Valley Life Church

The Blasted Blahs

There are times in my life when I just feel blah, not really to the point of despair but rather grumpy, foggy, slow-mo, annoyed and gloomy…

…all at the same time.

It’s like a storm cloud is hovering over my head. Everything looks gray. I’m unmotivated to do anything, yet I don’t want to just sit there bored. Nothing sounds interesting and everyone around me is annoying… on and on…

blah, blah, blah, blah 

I don’t always know why or how the storm cloud shows up, but I know that unless I deal with it, the cloud will only get darker. The last thing I want to do is pull myself out from under the dark cloud and be happy, I definitely don’t want to talk about it and being around someone who is in the “happy zone” is simply annoying. I am too tired, too lazy or just don’t feel like expending the energy necessary to overhaul my attitude, amplifying the feeling of blah. The annoying spiral of gloom pulls me down further.

I really hate when this happens. It makes me grumpy!

Over the years I have heard of all kinds of prevention and remedy techniques that help beat “the cruds”. But nothing works for me like what the Apostle Paul tells us to do in Philippians 4:8-9.

Finally, brothers and sisters, whatever is true, whatever is noble, whatever is right, whatever is pure, whatever is lovely, whatever is admirable—if anything is excellent or praiseworthy—think about such things. Whatever you have learned or received or heard from me, or seen in me—put it into practice. And the God of peace will be with you.

Paul tells us to put into practice the things we have heard from him and one of those things is in the previous verse.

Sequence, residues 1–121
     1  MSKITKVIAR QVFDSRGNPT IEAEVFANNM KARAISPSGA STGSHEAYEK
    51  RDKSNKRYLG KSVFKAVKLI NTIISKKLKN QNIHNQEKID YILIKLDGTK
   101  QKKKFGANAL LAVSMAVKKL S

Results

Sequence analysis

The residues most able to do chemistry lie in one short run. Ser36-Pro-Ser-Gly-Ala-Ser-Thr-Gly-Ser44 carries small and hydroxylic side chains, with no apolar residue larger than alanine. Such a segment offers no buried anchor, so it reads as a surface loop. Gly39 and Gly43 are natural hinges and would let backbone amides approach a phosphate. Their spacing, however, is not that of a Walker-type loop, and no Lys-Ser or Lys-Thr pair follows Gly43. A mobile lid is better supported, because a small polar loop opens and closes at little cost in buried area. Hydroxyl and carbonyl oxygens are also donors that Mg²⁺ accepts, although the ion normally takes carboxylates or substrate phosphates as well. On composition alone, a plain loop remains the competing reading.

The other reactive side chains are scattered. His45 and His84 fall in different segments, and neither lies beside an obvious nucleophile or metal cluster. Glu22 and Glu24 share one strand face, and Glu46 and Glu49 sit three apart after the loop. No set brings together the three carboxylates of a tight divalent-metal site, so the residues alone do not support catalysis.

Think about such things.

What we allow our minds to dwell on determines both how we feel and our attitude. Thinking about what is true, noble, right, pure and excellent can move us from under the storm cloud to stand with the God of Peace, a much happier place to be.

John Maxwell puts it this way…

“Major premise: We can control our thoughts. Minor premise: Our feelings come from our thoughts.

Conclusion? We can control our feelings by learning to change one thing: the way we think.”

It is that simple. Our feelings come from our thoughts. Therefore, we can change them by changing our thought patterns.

When we feel “the blahs” settle in how do we, like Paul tells us, put it into practice?

First, pray.

  • Ask Jesus to steer your mind to whatever is true, whatever is noble

Next, dwell on excellent things.

  • call a friend and chat about good things
  • read your bible
  • take a walk and look at what Jesus has made
  • write down three things you are thankful for
  • write down three good things that happened in the last couple of days
  • listen to worship music

Do something that will turn your thoughts toward Jesus and all the excellent things He is about.

Written by Pastor Jon Verwey

Posted in blog on November 1, 2013.

One Response

  1. Jeff Hagler says:

    Amen. This absolutely works!